Stocks dive, Futures dive, Jobless claims up, Unemployment Debt Foreign Economies
From the Chicago Tribune May 20, 2010.
“Stocks take hard tumble
376-point drop puts major indexes at a loss for year”
“The stock market had its worst day in more than year Thursday, with the Dow industrials tumbling more than 376 points, as fear intensified that a debt crisis in Europe could jeopardize the global economic recovery.
The sell-off put the major U.S. stock indexes, including the Dow, in the red for the year and down more than 10 percent in less than four weeks, the market’s sharpest retreat since March 2009, when prices bottomed at 12-year lows.
Analysts said there was no dramatic news to explain the day’s declines, including the largest one-day point drop in the Dow since February 2009. And despite the fiscal problems of Greece and other European countries, most forecasters predict the U.S. economy will continue the moderate recovery it began last year.
But mixed signals coming from across the Atlantic about the ability and willingness of leaders there to manage the crisis has made U.S. investors anxious.
As a result, volatility in the stock market has increased sharply of late. Thursday’s drop was the 13th time in the last 18 sessions that the Dow has had a triple-digit move.”
“The crash appears to have damaged the psyche of some individual investors just as they were beginning to regain confidence in stocks after the deep bear market of 2007-09.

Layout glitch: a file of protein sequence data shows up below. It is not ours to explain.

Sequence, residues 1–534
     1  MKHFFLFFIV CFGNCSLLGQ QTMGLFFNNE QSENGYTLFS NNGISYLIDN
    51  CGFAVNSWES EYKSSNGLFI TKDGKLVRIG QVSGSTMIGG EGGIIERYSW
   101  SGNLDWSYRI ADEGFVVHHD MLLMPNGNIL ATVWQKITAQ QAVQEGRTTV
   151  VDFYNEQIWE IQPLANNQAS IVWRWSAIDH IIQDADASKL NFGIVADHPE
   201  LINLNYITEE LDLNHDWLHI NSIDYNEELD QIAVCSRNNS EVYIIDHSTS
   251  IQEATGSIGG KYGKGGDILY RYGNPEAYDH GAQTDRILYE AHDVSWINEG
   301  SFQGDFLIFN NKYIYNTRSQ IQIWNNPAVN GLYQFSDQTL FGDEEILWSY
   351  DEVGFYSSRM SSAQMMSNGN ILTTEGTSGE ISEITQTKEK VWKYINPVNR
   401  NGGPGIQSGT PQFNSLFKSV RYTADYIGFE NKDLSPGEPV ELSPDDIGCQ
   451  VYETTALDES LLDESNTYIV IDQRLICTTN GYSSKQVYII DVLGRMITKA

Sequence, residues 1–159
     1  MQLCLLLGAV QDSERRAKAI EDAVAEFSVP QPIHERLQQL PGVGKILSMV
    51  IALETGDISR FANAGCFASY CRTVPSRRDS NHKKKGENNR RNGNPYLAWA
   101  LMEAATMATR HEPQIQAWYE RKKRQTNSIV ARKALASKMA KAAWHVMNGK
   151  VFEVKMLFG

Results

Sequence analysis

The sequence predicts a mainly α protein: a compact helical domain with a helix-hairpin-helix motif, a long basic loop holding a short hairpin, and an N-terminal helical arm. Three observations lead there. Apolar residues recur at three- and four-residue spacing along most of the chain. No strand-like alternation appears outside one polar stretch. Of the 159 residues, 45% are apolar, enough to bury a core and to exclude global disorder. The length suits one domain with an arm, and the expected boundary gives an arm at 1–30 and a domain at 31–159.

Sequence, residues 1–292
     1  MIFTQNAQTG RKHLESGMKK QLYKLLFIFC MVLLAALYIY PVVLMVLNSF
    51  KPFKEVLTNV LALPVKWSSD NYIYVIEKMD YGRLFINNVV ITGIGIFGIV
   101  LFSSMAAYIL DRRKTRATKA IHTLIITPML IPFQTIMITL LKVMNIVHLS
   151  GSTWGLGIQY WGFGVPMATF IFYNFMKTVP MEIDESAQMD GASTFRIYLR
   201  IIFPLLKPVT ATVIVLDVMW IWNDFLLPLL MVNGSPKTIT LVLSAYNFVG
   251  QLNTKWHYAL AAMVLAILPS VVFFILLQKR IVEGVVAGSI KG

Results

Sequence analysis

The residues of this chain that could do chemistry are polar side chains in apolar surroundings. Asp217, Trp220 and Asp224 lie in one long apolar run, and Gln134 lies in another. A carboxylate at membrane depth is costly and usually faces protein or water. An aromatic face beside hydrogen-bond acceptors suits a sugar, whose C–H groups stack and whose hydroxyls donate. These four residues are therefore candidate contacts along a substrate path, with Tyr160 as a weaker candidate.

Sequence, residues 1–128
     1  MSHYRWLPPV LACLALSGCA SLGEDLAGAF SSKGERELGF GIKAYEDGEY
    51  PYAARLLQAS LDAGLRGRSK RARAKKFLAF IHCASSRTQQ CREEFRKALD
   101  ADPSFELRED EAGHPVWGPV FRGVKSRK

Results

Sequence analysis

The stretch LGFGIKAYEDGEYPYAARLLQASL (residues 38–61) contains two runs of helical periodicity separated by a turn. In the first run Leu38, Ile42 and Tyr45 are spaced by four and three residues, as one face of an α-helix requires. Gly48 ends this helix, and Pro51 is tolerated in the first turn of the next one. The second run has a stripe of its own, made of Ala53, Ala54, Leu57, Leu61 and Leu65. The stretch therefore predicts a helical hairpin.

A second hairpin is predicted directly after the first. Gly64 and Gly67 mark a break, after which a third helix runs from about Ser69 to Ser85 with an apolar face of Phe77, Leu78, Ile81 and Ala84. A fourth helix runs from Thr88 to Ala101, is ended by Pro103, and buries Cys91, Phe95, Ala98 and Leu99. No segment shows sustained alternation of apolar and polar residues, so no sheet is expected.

“People are more nervous than they would have been, say, three years ago, with this sort of decline because they’re picturing what they went through in 2008,” said Mark Wilson, a financial planner at the Tarbox Group. “The basic question is: ‘Are we going right back to where we started from? Should we be getting out now in anticipation of going back to those 2008 levels?'”
Wilson said he was cautioning clients not to overreact, pointing out that 10 percent declines, known as corrections, that merely interrupt longer bull markets are normal.
Nonetheless, in the week that began the day of the crash, individual investors pulled $14 billion from mutual funds, the first such net withdrawal since March 2009.”
“The outlook was not helped by two discouraging pieces of news about the American economy.
The Labor Department said initial claims for unemployment benefits unexpectedly rose 25,000 last week, to 471,000. Meanwhile, The Conference Board, a private research group, reported its index of leading economic indicators fell 0.1 percent in April, its first decline since March 2009.”
I don’t see it.
Glenn Beck has done a good job of covering the US debt situation, our jeopardy of losing our borrowing rating, out of control spending and the impact it is having on our economy and future generations.
What is happening in the stock market is no mystery. Out of control government spending, anti business, anti jobs growth policies are exacerbating an already gloomy economy and job market. Overlay that with financial crisis in Greece, Europe and pessimism in China and you have a recipe for a stock market retreat.
I do not have a crystal ball. However, the November elections can do more than saving this country from ruin. Removing many jackasses will restore confidence in financial markets and alllow Congress to control spending and create jobs.